Friday, April 26, 2013

Rise and Fall of the Third Reich

The Rise and Fall of the Third Reich is a book that all policy makers should read. It details the rise and fall of Adolf's leadership of Germany, including both the external (e.g. deficits, debt, The Depression) and internal (organization, oration, trickery) conditions that allowed him to thrive.

Hitler's rise to absolute power is all the more remarkable considering Germany was a democracy at the time. Through his popularity, his suppression of opposition, and a great deal of deception, however, he was able to knock down various institutions that were meant to separate powers. By the end of his rule, he officially *was* the law; whatever he said went, even if it contradicted what was written as law.

Unlike a lot of pieces written about this period, the author manages to stay away from offering opinions on how historical events played out, instead sticking to the facts as they are recorded in captured German documents, recorded speeches, corroborated testimony and other written communications (German generals appear to have kept extensive diaries in many cases).

Nor is the book written by an outsider whose only contact with the war is through documents. Shirer was an American reporter stationed in Germany during the war. He traveled with Germany troops at times, and was often censored. When he got word in 1940 that the Nazis were building an espionage case against him (which carries the death penalty), he left.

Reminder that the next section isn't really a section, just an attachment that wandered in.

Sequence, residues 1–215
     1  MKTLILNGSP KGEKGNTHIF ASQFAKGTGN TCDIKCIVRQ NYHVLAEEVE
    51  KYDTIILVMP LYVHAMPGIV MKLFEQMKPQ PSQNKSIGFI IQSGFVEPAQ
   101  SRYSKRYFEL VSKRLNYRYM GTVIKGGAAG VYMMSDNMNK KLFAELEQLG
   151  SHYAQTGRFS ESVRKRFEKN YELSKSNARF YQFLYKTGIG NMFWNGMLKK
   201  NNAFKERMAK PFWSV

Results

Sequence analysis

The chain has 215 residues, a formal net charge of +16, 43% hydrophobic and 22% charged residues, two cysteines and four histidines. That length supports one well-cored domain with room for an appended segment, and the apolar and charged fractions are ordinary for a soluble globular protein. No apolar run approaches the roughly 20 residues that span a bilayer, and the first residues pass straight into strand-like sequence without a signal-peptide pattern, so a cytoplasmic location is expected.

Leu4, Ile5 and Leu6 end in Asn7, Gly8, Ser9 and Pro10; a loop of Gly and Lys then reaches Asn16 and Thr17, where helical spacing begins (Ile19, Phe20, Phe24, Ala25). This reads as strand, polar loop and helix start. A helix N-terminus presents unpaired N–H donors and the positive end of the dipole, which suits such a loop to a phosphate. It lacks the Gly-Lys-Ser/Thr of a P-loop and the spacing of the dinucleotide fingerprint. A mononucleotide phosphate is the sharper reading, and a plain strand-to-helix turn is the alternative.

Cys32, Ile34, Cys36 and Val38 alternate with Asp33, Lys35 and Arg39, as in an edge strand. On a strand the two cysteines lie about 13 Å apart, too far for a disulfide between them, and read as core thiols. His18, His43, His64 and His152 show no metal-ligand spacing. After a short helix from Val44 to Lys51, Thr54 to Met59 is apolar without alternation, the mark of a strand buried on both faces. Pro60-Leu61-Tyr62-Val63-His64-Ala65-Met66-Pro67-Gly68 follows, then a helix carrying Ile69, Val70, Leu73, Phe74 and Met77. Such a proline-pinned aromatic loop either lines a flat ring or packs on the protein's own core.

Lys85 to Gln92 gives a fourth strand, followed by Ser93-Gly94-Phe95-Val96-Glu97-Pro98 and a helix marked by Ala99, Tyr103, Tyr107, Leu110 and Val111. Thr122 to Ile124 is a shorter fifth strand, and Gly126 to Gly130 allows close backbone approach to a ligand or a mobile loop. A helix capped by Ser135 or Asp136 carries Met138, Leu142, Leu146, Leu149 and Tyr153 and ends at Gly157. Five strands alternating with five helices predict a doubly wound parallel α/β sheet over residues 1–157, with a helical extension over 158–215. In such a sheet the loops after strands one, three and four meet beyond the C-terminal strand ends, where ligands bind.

From the secret German documents, it is pretty clear that Hitler was bent on acquiring new territories. But in public speeches, he consistently made overtures for peace, promising his intentions were benign. At the time, this fooled British Prime Minster Chamberlain, who allowed Germany to capture territory while building up its defenses. Lesson: watch what a person does, not what he says.

The book is also a reminder of how times change quickly. The author's prejudices against homosexuality are made rather clear at certain points; this is not something a credible author/reporter could do today!

If you plan to read it, set aside a good amount of time; the book is more than 1200 pages long! But well worth it, in my opinion.


Anonymous said...

Broken link.

Saj Karsan said...

Thanks! Fixed

Anonymous said...

You might consider reading The Ominous Parallels. It provides a very insightful explanation of how a democratic civilized society turned into a dictatorship.

Floris said...

It'd also say that when money dies is a very interesting book on the weimar republic. It it gives a feel for the emotional burden the germans must have felt during a prolonged period of hyperinflation and depression. Great lessons for today both in terms of forced austerity but also the unintended of unlimited printing of Fiat currencies.

riptied said...

If I had to pick a single favorite book, it would be The Second World War by Winston Churchill. (OK, I am cheating a little, since it is a six-volume set). Churchill offers a first-hand perspective on how decisions were made at the highest level of the British government, and insightful glimpses into his relationships with FDR and Joseph Stalin. Be prepared to make an investment of time (~3600 pages, excluding the voluminous notes and appendices), but it is well worth it!

Hitler's Children said...

IT funny how people blame democracy for dictatorship. Soon people will say that communism is to blame for democracy... seriously... understand your facts!

Saj Karsan said...

Yeah, people! I can't believe how you are all blaming democracy! It has to stop!